Another important finding of this work is the role of extension. Access to extension information is among the major enablers of adoption identified in the analysis. The results suggest that extension is found to have important spillover effects as adoption is higher where the proportion of adopters in the commune is higher. Returns to extension investments could be quite high in terms of increasing adoption and adaptive capacity of farmers.

Some caveats about the current study are warranted. Our results confirm the importance of credit and labour constraints in impeding adoption in the NMR, implying the need for a regional approach. Nevertheless, related economic and institutional issues are omitted here. Also, sustainable practices are expected to generate environmental benefits (mitigation, water savings, reduced erosion). These benefits are in the form of positive externalities generated by (upstream) farmers toward (downstream) farmers and all of society. Some of these practices show synergies with food security goals. For example, in paddy production, SIP could help reduce overuse of irrigation, which is lowering groundwater levels, and FDP may hold further environmental benefits. It is also worth noting that paddy production is highly dependent on secure water flow availability, which is not a limiting factor. However, foreseen climatic changes may alter this equilibrium and make water-saving techniques (e.g. SIP) more convenient. While we have not explicitly considered these environmental issues and externalities in the analysis, they are clearly important aspects to be considered at the policy level.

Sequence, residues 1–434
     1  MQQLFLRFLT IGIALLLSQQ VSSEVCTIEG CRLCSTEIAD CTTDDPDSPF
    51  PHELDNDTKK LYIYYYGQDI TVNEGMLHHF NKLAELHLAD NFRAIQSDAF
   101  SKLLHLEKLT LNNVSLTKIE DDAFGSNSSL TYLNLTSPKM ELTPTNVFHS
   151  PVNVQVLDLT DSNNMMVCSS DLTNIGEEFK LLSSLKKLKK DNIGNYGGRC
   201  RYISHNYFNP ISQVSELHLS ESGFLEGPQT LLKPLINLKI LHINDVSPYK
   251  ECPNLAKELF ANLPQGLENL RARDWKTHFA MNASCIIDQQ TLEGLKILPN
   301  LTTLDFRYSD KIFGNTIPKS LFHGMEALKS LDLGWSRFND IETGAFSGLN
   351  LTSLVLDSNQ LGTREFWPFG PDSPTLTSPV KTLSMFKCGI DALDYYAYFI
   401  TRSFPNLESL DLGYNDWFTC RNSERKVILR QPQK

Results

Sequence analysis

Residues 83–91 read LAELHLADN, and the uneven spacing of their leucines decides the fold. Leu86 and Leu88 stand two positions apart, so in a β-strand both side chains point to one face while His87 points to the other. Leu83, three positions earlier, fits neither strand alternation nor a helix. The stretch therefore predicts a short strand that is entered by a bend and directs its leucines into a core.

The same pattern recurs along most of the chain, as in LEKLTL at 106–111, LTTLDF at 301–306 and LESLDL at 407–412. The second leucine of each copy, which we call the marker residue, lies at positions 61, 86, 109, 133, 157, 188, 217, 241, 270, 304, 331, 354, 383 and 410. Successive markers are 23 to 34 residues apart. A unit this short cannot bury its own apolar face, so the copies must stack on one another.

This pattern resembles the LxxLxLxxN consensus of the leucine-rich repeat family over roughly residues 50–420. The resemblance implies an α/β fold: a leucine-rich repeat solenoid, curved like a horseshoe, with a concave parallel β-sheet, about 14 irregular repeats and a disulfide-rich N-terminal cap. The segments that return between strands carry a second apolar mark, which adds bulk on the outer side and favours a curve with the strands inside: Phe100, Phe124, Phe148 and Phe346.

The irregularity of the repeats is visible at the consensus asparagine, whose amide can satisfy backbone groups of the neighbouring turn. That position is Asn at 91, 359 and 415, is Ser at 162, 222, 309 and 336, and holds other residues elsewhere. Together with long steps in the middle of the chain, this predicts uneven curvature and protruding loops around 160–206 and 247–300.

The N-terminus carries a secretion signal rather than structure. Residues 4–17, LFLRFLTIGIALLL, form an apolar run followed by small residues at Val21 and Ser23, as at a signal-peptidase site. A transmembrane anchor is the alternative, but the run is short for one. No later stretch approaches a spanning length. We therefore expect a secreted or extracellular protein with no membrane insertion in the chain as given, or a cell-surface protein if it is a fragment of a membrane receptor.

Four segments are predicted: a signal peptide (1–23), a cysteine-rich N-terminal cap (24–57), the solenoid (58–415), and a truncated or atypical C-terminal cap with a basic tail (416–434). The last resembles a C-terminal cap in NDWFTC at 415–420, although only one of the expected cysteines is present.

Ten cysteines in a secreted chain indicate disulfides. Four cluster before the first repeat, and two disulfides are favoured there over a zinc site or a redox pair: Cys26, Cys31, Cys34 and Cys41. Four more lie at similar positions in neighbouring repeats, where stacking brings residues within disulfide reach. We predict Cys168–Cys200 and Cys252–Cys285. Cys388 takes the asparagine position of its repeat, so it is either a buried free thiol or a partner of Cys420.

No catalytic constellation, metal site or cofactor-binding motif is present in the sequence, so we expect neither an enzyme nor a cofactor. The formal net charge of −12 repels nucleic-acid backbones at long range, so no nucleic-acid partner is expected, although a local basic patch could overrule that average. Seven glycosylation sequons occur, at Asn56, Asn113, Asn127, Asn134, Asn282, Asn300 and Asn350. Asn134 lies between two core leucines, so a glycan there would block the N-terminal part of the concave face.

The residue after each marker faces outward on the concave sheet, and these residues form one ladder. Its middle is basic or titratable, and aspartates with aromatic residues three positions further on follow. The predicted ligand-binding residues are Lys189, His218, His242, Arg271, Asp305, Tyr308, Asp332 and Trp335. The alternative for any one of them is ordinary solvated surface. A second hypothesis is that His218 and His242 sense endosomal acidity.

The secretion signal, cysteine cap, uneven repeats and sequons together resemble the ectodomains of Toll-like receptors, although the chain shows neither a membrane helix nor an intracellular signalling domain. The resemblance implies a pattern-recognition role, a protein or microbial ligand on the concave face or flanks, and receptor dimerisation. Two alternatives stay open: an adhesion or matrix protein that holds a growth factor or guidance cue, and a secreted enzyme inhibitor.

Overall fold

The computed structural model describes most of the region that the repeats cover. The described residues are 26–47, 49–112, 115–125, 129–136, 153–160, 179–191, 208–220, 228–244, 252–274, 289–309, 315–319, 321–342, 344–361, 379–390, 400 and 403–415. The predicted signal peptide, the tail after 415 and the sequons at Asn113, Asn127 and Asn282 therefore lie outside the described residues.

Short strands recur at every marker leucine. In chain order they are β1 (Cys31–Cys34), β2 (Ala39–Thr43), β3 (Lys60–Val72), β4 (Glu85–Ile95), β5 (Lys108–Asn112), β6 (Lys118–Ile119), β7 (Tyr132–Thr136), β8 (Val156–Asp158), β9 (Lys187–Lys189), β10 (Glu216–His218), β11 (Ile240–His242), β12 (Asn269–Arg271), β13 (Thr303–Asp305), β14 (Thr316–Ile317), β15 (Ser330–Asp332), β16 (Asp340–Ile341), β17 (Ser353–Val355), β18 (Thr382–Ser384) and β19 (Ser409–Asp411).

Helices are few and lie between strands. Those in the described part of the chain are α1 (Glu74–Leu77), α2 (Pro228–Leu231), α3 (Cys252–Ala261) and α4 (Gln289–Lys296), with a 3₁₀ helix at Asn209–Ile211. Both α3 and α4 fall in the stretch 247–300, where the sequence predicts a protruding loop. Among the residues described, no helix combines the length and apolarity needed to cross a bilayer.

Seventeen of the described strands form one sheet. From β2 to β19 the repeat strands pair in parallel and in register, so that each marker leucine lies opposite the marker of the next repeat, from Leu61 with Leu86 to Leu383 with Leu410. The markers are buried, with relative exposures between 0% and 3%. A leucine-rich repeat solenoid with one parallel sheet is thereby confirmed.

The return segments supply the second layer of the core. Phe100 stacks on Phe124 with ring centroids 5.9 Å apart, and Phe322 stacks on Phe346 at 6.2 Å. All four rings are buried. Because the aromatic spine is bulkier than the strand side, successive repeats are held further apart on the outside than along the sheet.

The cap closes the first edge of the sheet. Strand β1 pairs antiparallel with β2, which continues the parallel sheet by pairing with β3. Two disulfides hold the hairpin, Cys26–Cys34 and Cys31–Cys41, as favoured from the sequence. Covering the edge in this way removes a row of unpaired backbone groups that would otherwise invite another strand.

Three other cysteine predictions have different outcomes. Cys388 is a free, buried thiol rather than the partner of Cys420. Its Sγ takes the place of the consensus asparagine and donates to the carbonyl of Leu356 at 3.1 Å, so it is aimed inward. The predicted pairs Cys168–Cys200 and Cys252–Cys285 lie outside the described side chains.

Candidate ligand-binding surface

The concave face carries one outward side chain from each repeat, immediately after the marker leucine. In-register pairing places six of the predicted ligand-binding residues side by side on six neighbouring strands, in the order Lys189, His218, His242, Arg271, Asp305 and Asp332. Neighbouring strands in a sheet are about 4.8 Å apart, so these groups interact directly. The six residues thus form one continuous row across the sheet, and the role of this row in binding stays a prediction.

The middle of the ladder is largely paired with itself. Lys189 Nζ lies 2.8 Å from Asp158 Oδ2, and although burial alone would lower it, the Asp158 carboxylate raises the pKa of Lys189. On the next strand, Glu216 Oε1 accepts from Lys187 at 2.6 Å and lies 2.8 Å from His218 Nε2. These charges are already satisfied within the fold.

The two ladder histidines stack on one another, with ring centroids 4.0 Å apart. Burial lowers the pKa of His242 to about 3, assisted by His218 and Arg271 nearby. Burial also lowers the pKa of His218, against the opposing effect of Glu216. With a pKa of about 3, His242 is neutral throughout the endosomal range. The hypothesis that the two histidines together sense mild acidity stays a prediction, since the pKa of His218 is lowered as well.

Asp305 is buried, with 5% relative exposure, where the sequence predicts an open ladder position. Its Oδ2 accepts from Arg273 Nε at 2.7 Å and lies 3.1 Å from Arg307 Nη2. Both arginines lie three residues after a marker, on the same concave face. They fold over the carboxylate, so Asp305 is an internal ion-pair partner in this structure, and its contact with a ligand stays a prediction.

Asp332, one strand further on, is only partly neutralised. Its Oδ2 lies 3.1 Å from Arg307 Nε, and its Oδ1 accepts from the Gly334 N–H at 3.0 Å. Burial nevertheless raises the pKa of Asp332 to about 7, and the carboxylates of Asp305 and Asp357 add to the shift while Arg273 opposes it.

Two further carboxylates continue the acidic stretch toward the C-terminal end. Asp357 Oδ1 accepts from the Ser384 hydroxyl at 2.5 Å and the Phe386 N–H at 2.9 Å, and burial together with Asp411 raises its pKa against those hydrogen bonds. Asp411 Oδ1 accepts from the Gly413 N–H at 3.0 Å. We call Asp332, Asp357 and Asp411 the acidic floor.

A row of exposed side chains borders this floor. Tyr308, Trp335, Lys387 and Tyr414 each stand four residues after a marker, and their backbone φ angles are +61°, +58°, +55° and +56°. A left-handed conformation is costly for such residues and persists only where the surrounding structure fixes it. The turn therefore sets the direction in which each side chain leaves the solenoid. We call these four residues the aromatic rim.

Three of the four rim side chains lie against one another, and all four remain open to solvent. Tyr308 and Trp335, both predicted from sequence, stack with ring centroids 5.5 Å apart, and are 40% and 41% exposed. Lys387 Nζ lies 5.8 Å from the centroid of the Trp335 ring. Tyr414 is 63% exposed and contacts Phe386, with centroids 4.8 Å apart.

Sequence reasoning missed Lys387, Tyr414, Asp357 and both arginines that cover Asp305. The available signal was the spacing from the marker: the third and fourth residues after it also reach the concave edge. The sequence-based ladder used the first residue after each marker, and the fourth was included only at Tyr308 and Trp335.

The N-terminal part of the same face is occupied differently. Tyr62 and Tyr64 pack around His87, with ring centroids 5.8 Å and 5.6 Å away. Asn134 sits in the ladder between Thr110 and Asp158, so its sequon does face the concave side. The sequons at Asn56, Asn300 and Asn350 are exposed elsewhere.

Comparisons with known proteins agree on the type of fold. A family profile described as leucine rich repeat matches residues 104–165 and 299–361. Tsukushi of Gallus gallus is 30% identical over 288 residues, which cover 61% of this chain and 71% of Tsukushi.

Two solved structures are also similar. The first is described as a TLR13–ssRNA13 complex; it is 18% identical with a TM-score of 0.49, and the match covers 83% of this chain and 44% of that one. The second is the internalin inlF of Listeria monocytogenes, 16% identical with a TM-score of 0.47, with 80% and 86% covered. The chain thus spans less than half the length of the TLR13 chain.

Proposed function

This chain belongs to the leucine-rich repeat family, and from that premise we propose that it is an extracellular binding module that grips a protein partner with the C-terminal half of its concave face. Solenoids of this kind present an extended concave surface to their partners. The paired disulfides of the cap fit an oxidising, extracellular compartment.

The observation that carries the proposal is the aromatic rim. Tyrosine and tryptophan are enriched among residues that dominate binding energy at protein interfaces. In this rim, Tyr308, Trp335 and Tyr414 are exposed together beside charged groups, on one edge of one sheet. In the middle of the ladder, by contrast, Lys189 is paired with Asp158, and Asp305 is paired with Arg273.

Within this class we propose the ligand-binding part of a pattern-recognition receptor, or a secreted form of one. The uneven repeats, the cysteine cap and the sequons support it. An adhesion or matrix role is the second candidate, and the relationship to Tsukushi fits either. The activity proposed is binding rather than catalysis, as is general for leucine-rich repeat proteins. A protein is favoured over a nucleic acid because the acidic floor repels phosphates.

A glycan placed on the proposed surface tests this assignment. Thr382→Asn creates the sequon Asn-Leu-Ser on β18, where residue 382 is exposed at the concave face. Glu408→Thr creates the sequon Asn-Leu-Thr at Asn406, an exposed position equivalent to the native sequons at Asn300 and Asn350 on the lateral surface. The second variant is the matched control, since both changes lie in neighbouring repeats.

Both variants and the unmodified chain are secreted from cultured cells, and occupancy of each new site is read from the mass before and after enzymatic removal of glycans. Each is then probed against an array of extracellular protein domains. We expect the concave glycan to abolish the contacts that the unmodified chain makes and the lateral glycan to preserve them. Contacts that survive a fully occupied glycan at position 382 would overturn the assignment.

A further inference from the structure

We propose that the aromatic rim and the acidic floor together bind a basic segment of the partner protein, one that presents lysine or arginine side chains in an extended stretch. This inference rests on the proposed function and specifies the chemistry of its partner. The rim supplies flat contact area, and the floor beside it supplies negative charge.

Footnotes

  1. 1.

    Poverty rates change, depending on the methodology employed, but in every event, suggesting poverty is the highest and more widespread in the North West, the area of our interest. The headcount ratio suggests that the poor residing in the North West Mountains of Viet Nam ranges from 60.1% from the General Statistics Office of Viet Nam and the World Bank to 39.1% from official estimates (World Bank 2012).

  2. 2.

    “Critical periods” for the two crops of concern in the present study have been identified through deep analysis from literature but above all from discussion with experts in the study area.

  3. 3.

    This includes: the Viet Nam Household Living Standards Surveys (VHLSS), conducted by The World Bank and the General Statistics Office of Viet Nam, constituting a panel dataset for the years 2002, 2004 and 2006; and the Viet Nam Access to Resources Household Surveys (VARHS), conducted by the Central Institute for Economic Management (CIEM).

  4. 4.